The first pages of the biblical text give us God’s account of how He created the universe. We learn that from the immensity of His greatness and power, He simply spoke it all into existence out of nothing. There are many things we learn about the reality of our world from this:
The God that created everything is a Being of incomprehensible power.
He stands apart from our universe as totally “other,” yet He acts within our world. In fact, because He made everything, all of it belongs to Him, and He has every right to do exactly as He pleases.
God’s right to do what He wishes in our world is not only because He made it, but because He is good. He is the ultimate moral authority in the universe, and so He is the most qualified to rule over it. We will see this in many ways as we study scripture, but we can see it in creation because everything He made was profoundly good…beautifully ordered…rightly and well made. By His wisdom, God laid the foundations of the world (Proverbs 3:19-20).
There is no way to underestimate the importance of this. If the Being that created everything was evil, or toggling back and forth between right and wrong like some kind of force…if God Himself wasn’t pure and holy and right, it would mean chaos for everything. But God is perfectly good, and who He is establishes the basis of all reality.
There is a profound internal transformation that takes place in those who embrace this explanation of reality as their own. Knowing that the God of the universe is not only powerful but dependable…stable…unshakably good…lays a foundation for our souls by which we find our own stability, comfort, and peace. Whatever chaos or craziness we see in the world or find in ourselves, we can know that the One who rules in power…the One who made us and determines how all stories will end…is unchangingly stable and secure.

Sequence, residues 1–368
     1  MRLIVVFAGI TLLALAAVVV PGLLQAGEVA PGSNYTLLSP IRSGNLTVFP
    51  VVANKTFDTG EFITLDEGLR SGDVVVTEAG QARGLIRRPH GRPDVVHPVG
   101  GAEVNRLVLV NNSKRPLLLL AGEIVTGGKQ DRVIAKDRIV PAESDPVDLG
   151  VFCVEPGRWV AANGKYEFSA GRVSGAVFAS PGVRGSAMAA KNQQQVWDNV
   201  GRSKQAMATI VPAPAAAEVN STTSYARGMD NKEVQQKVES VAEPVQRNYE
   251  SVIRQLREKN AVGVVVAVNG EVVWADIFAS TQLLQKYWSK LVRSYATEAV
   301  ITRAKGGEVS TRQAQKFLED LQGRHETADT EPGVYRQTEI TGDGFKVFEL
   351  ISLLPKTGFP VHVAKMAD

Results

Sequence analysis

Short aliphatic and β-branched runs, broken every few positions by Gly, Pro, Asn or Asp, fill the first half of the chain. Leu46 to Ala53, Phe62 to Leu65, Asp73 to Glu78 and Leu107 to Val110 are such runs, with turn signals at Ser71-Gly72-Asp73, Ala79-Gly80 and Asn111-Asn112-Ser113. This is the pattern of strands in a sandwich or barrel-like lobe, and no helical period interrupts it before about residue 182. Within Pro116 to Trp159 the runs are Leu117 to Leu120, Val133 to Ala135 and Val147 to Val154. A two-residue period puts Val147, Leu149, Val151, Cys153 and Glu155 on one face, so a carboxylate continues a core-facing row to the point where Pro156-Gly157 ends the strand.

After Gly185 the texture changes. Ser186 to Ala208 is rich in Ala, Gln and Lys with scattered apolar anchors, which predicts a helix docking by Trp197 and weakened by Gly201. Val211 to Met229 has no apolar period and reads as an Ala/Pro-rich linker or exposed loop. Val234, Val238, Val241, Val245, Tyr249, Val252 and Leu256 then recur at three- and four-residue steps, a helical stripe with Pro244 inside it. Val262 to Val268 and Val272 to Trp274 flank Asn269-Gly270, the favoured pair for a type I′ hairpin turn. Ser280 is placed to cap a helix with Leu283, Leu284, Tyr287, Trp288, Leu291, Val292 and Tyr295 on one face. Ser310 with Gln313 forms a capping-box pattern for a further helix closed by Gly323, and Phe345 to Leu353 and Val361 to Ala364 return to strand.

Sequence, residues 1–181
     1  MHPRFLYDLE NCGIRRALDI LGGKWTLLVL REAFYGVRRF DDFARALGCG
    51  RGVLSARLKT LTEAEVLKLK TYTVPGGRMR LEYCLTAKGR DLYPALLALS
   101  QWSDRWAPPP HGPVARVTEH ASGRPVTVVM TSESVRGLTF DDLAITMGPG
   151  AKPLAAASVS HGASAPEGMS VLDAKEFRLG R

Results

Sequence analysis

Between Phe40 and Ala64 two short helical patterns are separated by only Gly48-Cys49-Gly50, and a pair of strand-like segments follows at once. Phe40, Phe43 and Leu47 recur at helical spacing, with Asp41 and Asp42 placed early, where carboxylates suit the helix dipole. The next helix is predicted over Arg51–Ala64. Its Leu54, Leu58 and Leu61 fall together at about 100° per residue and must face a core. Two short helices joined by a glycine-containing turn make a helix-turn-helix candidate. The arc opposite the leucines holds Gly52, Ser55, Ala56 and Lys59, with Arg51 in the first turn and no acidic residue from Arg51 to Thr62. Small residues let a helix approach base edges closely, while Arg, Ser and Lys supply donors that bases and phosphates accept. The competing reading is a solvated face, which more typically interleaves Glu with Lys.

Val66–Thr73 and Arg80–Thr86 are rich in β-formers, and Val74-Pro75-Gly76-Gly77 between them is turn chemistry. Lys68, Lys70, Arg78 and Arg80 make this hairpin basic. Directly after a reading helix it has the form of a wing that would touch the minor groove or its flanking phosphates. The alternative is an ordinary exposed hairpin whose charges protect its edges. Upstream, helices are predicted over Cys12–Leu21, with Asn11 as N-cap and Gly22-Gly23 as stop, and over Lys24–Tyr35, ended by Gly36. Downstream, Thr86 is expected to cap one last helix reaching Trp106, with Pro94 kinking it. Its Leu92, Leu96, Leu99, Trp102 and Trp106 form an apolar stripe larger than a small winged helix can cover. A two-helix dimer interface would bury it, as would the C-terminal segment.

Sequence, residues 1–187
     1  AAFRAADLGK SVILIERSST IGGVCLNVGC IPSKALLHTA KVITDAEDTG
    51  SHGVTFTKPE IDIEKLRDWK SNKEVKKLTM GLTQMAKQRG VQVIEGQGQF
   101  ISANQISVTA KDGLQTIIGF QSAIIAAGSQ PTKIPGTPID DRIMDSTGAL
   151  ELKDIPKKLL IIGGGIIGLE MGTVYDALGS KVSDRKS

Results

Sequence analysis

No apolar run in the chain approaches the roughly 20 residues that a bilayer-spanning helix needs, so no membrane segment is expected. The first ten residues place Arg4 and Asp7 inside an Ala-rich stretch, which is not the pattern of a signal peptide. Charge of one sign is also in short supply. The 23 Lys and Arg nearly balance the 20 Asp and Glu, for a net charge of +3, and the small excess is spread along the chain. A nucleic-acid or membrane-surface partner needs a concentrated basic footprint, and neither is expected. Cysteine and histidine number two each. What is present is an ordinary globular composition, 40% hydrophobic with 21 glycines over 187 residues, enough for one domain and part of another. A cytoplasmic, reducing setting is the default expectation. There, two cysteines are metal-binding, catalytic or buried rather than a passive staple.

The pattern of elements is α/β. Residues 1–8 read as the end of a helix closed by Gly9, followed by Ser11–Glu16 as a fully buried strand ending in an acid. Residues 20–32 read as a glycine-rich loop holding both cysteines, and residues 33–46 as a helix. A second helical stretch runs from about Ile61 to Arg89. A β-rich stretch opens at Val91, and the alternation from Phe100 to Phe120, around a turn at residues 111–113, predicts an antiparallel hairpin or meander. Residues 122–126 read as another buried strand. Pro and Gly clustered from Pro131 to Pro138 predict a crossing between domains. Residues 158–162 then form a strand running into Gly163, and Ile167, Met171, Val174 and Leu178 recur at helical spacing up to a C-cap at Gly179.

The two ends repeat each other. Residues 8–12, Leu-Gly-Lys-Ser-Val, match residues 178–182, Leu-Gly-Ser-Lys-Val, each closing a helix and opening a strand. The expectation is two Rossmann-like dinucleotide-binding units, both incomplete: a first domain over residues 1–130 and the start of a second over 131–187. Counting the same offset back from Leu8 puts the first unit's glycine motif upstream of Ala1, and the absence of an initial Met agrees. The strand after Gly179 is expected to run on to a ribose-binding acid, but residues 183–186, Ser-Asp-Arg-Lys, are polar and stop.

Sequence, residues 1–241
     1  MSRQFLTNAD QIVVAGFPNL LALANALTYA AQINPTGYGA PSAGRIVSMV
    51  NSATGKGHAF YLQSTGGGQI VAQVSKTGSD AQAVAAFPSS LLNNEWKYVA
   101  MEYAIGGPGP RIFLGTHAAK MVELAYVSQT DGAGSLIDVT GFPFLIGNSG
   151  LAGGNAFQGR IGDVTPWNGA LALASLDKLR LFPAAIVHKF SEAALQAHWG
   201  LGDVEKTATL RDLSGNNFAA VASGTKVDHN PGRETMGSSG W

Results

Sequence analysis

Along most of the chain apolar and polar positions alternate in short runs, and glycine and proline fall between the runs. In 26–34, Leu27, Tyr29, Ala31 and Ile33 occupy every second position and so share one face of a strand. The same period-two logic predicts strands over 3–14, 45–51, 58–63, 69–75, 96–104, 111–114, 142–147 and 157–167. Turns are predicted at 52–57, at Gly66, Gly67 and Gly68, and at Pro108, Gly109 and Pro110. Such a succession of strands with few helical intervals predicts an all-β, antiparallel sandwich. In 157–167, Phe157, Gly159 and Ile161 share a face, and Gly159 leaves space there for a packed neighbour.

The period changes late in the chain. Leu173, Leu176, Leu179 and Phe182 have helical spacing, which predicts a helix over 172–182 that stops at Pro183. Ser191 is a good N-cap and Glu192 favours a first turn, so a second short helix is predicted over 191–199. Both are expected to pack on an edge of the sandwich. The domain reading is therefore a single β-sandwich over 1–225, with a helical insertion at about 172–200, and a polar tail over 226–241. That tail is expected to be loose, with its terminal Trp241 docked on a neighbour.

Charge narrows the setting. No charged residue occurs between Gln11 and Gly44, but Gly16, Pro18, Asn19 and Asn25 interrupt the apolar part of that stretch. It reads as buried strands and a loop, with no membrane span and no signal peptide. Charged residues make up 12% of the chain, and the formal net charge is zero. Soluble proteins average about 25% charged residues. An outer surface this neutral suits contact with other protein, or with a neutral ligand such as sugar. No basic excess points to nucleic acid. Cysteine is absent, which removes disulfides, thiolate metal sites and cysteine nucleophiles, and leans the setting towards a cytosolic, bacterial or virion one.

On the sixth day of Creation, the Lord made humanity. The human race is the pinnacle of Lord’s work: the special, set-apart beings that were made in His image. Their sacred role, the very thing they were made for…that we were made for…was to act as a reflection of God as they served Him as His stewards in the Garden. Once humanity was brought into the world, the cosmos was complete.
At this point in the story, things take a shift…a surprising turn. Day after day we have seen God depicted as powerful and profoundly able as He spoke everything from the might of His will. Now that everything was ready, one might expect to see Him move into action. What was He going to do with it all? Instead, the Lord, the all-powerful God, the mighty King, did a remarkable thing. He rested. This is what the Bible says:
“By the seventh day, God had finished the work He had been doing; so on the seventh day He rested from His work. And God blessed the seventh day and made it holy, because on it He rested from all the work of creating that He had done.’”
After six days of abundant outpouring, His work went quiet. The entire universe was set in place. The massive stars throbbed in the heavens, the planets whizzed along their ordained paths around the sun, the animals gamboled about in perfect safety on the earth. God made everything with exacting excellence. Even the darkness was molded by God to accomplish His perfect will. There was no more chaos. Everything was appointed to its rightful place in the sweeping harmony of God’s pristine world. His creation of time brought order to the development of its wild beauty.
At the end of all His creation work, the Lord took some of this time, and set it apart to rest. It was not as though God was tired or weary. He never grows weary. His work was simply done. It was totally complete and good, operating in perfect balance. Rest was a form of celebration…a space of time by which to behold, enjoy, and commune.
God blessed this day of rest, somehow filling it up with His vibrant power and creative might. Then He set this day into the laws of the universe, into the very fabric of how all things are made. He created time to have within it a day that was meant to be set apart. It was a sacred space of hours for reflection and worship of the One who created it all. His people would draw near to their God by spending a special, empowered time with Him every week, the seventh day. The people made in His image would rest, too, just like their Lord.
The people of God would write songs and poems to celebrate God’s work and His sacred rest. Here is a psalm written for the Sabbath by a servant of God some three thousand years ago:
A Psalm. A Song for the Sabbath Day:
It is good to praise the LORD
and make music to your name, O Most High,
to proclaim your love in the morning,
and your faithfulness at night,
to the music of the ten-stringed lyre,
and the melody of the harp.
For You make me glad by your deeds, O LORD;
I sing for joy at the works of your hands.
How great are your works, O LORD,
how profound your thoughts!
We can still sing these songs today. And if our hearts are not full of praise, we can be sure that it means we need a Sabbath rest all the more. Our souls were created to need sacred time for celebration and rest with our Creator for one-seventh of our days.